BUSINESS

Koreans spend more time on Instagram, less on Facebook

By Sohn Ji-young

Instagram’s growing popularity driven by women in 30s with money, social status, experts say

  • Published : Jun 19, 2018 - 15:50
  • Updated : Jun 19, 2018 - 15:50
South Koreans appear to be spending more time on Instagram and less on Facebook compared to a year ago, according to new data tracking the amount of time locals spend on social networking sites, released Tuesday.

Data from local app analytics firm WiseApp showed that Koreans spent 1.5 billion minutes on Instagram in May this year, marking a 36 percent increase from 1.1 billion minutes recorded in May 2017.

Instagram’s jump in popularity was led mainly by women in their 20s and 30s, with those in their 30s spending the most time on the photo-sharing app, said the app tracker.

(123RF)

The trend appears to be driven by 30-something women who engage in lifestyles considered “ideal” for sharing via Instagram, according to Lee Taek-gwang, a culture critic and professor of global communication at Kyung Hee University.

“On Instagram, people show off their best, happiest moments via photos. Through these pictures, they formulate ‘still-life portraits’ of themselves to be shared with and liked by friends as well as strangers, who connect via hashtags,” Lee said.

And those best suited for such activities are women in their 30s, many of whom have successful careers as well as financial resources, time and social status to create Instagram-worthy moments.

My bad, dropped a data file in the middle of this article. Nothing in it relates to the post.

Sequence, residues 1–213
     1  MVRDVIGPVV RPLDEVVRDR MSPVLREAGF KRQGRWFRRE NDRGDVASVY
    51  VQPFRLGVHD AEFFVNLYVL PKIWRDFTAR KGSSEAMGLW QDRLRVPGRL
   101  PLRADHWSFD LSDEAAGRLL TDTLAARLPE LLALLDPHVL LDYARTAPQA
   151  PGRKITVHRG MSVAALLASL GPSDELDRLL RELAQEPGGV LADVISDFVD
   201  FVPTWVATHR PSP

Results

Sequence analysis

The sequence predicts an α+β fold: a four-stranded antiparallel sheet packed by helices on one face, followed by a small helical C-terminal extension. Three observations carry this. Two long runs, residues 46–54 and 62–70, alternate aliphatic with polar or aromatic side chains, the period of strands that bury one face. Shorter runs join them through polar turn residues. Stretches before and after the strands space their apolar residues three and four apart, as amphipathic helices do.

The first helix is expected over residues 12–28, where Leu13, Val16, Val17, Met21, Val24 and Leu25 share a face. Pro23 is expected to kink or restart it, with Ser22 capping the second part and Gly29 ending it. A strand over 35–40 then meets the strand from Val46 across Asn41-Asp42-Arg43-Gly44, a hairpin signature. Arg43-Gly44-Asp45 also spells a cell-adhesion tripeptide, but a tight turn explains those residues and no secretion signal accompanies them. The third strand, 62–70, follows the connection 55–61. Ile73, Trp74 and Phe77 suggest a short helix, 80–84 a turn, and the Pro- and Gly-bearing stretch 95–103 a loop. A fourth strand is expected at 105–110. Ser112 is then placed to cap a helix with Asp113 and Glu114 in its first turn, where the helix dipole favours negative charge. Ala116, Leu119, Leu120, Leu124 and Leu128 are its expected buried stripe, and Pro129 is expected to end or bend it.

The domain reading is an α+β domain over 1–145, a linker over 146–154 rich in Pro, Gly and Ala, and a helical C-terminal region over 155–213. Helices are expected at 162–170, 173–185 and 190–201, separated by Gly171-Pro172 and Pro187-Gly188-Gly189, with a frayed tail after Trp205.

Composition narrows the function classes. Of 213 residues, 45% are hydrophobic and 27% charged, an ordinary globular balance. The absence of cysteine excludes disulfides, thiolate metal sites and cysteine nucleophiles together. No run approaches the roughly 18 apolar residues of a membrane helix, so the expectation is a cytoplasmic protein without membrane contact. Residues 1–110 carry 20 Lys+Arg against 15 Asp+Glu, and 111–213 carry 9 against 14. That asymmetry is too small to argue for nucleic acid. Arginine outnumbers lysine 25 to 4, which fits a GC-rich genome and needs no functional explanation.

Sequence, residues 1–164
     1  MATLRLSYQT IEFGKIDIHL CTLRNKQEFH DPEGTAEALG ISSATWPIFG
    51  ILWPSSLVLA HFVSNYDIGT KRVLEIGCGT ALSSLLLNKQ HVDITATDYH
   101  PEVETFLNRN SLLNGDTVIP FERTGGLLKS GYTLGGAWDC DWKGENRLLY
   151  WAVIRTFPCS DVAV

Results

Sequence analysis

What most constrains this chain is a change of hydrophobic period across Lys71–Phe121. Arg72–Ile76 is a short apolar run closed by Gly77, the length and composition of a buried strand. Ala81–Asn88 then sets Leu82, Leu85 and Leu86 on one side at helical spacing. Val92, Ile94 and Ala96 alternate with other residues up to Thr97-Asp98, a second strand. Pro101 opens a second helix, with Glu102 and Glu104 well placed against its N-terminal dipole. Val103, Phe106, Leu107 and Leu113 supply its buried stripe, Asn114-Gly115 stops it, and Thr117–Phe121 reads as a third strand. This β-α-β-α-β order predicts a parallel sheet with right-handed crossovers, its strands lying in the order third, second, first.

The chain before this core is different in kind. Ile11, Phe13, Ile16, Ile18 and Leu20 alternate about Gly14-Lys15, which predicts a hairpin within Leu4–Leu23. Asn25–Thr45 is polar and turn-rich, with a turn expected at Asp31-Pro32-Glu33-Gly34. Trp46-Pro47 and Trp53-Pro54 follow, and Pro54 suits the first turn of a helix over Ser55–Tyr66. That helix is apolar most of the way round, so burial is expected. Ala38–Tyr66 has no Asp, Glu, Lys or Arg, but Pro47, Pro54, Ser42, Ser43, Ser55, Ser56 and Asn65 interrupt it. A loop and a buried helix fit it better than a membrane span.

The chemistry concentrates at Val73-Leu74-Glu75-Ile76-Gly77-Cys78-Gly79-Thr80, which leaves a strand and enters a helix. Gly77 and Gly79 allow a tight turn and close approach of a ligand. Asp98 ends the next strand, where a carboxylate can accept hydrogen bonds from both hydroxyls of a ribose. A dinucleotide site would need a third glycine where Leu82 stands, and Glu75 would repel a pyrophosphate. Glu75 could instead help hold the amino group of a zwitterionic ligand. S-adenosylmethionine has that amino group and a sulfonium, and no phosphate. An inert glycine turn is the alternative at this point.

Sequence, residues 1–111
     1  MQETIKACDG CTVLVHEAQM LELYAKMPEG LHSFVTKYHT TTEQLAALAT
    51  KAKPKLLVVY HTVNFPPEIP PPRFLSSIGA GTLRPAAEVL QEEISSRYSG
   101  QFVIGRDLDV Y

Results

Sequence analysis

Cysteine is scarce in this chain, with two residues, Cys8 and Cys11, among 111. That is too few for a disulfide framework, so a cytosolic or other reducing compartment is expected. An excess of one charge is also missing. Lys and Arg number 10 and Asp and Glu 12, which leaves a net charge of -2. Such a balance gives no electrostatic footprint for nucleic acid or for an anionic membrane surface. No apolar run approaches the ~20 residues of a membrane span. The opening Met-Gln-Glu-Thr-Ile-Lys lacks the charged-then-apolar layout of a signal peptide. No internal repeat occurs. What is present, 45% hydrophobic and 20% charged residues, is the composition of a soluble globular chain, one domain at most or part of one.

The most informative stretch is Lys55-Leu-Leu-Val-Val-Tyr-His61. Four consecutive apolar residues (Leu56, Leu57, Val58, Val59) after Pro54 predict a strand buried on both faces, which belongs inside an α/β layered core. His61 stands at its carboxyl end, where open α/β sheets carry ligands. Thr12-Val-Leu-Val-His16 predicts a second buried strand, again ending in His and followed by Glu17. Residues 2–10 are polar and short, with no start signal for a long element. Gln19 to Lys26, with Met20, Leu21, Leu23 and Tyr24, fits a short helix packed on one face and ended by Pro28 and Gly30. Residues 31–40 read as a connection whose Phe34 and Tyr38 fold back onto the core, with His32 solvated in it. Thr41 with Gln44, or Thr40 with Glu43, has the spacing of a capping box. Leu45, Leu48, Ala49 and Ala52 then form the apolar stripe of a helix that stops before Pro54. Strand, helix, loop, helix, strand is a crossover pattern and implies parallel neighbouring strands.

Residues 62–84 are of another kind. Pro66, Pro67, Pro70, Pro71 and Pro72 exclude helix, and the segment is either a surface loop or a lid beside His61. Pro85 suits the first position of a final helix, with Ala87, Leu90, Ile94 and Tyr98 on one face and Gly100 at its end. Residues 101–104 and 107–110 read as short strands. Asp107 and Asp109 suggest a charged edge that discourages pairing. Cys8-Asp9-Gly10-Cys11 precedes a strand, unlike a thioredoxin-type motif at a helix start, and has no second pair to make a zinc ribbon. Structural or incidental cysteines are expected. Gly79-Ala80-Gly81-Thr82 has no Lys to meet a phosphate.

“Teenagers don’t have much to show off on Instagram, because they don’t have the money. Those in their 20s are starting to get there, while the 30s population are already there,” said the culture critic.

While Instagram’s popularity is peaking, Facebook appears to be losing users, according to WiseApp. Facebook saw its usage time drop 35 percent from 6.5 billion minutes in May 2017 to 4.2 billion minutes in May 2018, the app tracker said.

Facebook’s waning popularity could be linked to people’s rising preference for simplicity, as a picture is easier to upload than carefully crafted text, Lee explained.

“Compared to Instagram, Facebook is largely text-based and functions as a more closed network with friends. You have to share your opinion and thoughts on Facebook, which takes more thought. But with Instagram, a picture is all that is needed to show yourself,” Lee said.

Facebook Korea, which operates both Facebook and Instagram in the local market, said it could not provide official statistics on user activity for the two apps at this point.

Like Instagram, Twitter also saw a 22 percent increase in its usage time in May, from 900 million minutes in the same month last year to 1.1 billion minutes in May this year, according to WiseApp.

Meanwhile, Korea’s two primary social networking service apps -- Naver’s Band and Kakao’s KakaoStory -- both saw their usage time drop over the past year.

In May, users spent 1.9 billion minutes on Naver’s Band, down from 2 billion minutes the same month last year. During the same time frame, the total time spent on KakaoStory dropped from 1 billion minutes to 700 million minutes.

In terms of the absolute number of hours spent, Facebook had the highest usage time in Korea, followed by Naver’s Band, Facebook-owned Instagram, Naver Cafe and Twitter.

WiseApp’s data was based on a sample survey of 23,000 Android smartphone users in Korea, which was adjusted to reflect the breakdown of the smartphone user demographic here.

By Sohn Ji-young (jys@heraldcorp.com



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